Hill returned to his hometown of Los Angeles for only four days before it was time to catch another flight to Australia.


I really hadn’t been home since Portugal, so this was close to coming up on my third or fourth month not having been home,” Hill said. “So I just prioritized my training while I was away, while I was traveling the world, and also just knowing that Duel in the Pool is meant to be a fun thing.


“Like of course you want to do well. There’s TVs, but we’re here to have fun. Also, I’m a real big meet swimmer. Like when the lights are on, when the cameras are on, I know how to show up. In that respect, I didn’t have any worries.”


Hill said “the biggest treat” for him in Sydney was getting to race with NC State swimmer David Curtiss when the mixed class/able-bodied freestyle relay made its debut at Duel in the Pool.


Curtiss traveled to Colombia to train with Hill a few months before the meet. Hill had invited his friend to join him in South America, but he never imagined they’d soon get to be members on the same relay team.


Ohio State’s Amy Fulmer swam the first leg for the Americans in the relay, which paired able-bodied swimmers with Para swimmers. Hill followed Fulmer in the pool.


“She had her work cut out for her. She did pretty good. She touches the wall. Australia touches the wall,” Hill said. “Australia goes off the block almost a full second before I do, which is a lot in the 50 meters. And dude, I hit that water and I just mow this guy down.”


Hill managed to cut into Australia’s early lead, and then Smith helped the Americans pull ahead on the third leg. Hill said Curtiss had a one-second head start when he entered the pool to swim the anchor leg, and Curtiss closed out the win for the U.S.


“That (relay) was one of the coolest things I’ve ever seen. That, to me, felt very real that the bridge between Para swimming and able-bodied swimming in the United States has finally been lifted,” Coan said.


“In that moment, to me, that was like a merging moment and that showed me that we have a real promise in the future to be joined and paired up with them again swimming as one Team USA.”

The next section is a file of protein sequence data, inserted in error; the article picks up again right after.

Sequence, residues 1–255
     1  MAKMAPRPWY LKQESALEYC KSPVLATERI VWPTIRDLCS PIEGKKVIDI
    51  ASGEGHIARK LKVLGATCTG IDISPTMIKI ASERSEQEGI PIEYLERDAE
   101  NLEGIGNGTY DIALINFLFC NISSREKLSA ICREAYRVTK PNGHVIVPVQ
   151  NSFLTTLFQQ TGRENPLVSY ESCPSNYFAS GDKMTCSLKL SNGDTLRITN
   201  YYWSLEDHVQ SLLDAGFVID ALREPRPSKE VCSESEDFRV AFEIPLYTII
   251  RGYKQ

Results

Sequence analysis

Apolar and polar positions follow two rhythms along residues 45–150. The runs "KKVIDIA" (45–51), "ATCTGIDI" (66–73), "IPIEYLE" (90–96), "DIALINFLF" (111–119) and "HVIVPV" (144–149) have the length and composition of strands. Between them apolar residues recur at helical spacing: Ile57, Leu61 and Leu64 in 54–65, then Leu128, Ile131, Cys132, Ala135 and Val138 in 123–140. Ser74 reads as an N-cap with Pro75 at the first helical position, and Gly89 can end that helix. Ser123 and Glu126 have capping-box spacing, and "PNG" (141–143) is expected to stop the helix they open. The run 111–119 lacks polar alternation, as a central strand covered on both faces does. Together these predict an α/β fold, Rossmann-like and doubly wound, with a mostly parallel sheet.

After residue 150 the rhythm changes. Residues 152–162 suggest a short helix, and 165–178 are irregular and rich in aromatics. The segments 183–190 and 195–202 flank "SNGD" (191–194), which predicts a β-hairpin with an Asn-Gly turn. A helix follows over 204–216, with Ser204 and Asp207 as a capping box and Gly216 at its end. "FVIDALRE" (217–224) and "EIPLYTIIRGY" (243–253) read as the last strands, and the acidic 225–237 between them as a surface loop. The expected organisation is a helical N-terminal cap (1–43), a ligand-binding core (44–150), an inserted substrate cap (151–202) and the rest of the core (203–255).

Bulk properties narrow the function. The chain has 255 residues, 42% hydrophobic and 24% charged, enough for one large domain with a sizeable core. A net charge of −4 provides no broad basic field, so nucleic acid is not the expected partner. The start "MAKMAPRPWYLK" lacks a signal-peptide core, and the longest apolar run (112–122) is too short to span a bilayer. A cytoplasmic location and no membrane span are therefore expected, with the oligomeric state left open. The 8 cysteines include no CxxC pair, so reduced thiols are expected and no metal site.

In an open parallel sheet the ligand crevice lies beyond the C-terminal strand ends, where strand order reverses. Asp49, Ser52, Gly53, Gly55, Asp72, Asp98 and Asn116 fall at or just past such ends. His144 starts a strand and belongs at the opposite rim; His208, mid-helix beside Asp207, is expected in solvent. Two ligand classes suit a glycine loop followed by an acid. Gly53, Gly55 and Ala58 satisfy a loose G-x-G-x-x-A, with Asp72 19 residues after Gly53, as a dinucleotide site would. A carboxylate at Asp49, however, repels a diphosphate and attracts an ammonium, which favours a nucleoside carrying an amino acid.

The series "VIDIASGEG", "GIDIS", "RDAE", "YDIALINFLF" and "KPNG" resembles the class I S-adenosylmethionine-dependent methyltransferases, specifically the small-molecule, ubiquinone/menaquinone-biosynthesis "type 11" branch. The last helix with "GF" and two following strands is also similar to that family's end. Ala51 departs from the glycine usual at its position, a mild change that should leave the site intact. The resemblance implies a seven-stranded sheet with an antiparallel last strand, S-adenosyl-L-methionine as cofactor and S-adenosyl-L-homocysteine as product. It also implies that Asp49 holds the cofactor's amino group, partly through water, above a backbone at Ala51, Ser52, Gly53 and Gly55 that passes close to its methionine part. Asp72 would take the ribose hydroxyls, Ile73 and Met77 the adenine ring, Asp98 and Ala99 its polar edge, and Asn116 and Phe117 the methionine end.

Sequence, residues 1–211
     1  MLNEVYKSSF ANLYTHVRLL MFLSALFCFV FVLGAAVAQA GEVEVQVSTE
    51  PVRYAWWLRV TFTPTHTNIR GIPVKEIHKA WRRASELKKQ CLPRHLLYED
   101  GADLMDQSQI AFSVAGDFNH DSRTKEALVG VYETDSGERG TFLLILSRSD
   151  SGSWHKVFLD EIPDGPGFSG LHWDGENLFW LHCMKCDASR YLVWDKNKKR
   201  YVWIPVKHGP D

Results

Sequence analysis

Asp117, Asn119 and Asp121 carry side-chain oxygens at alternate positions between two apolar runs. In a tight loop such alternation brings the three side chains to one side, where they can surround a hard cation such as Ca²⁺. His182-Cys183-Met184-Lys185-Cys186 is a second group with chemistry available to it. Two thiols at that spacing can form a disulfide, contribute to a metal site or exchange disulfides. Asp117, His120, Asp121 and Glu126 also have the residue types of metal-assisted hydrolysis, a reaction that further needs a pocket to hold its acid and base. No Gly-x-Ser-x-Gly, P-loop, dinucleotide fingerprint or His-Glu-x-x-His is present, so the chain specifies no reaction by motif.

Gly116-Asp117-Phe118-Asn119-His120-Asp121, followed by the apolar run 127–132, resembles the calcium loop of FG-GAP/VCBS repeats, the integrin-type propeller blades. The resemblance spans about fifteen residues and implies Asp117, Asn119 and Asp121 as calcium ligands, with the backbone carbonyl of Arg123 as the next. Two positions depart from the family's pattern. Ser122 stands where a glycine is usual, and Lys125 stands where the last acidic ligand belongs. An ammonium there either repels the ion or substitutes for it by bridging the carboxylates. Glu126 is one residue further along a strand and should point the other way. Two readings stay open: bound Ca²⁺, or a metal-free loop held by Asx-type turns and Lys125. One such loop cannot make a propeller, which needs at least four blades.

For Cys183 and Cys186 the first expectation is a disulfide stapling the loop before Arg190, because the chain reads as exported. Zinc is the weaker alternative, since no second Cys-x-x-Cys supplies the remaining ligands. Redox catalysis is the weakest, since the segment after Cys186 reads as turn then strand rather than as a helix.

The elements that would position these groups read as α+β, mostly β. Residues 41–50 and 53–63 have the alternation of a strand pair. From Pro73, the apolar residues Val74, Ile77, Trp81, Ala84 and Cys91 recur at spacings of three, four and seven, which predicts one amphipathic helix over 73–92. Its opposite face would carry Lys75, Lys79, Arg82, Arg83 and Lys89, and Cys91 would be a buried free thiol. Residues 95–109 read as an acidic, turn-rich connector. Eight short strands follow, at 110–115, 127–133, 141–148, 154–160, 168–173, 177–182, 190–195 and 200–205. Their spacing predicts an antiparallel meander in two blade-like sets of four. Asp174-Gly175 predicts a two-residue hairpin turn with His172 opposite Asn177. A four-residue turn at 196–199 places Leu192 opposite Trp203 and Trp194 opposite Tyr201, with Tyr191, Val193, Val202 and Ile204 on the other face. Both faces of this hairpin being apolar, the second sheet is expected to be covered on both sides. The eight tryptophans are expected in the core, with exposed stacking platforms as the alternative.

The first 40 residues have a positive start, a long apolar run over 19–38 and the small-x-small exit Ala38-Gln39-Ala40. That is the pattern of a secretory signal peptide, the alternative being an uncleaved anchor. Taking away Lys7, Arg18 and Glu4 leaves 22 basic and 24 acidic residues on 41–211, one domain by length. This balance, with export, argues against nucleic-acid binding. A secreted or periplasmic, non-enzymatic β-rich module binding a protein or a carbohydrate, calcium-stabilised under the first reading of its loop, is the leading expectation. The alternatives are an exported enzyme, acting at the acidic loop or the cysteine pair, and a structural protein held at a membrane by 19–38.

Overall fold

It was a forgone conclusion that the U.S. would win Duel in the Pool even before the final race started. As Coan watched the last event, she thought about her swimming career and how it felt like it had come full circle.


“I grew up as a USA Swimming member. I competed against able-bodied swimmers my entire life. I swam on a Division I college team (Loyola University Maryland),” Coan said. “I’ve always swam against able-bodied swimmers, and not in any one of those circumstances have I been able to score points alongside able-bodied swimmers.”


Coan said it was a special moment for her when Team USA won Duel in the Pool. It felt almost like when she has stood on the podium at one of her three Paralympics to receive a gold medal.


However, instead of winning medals, the Americans were given a championship trophy for beating Australia. Hill thought it was a nice touch.


“One of the dopest things is we got a trophy. In swimming, we never get trophies, right?” Hill said, laughing. “So that was really dope, to have a trophy, a championship trophy to lift up, it was lit. It was a lot of fun.”

Alex Abrams has written about Olympic sports for more than 15 years, including as a reporter for major newspapers in Florida, Arkansas and Oklahoma. He is a freelance contributor to on behalf of Red Line Editorial, Inc.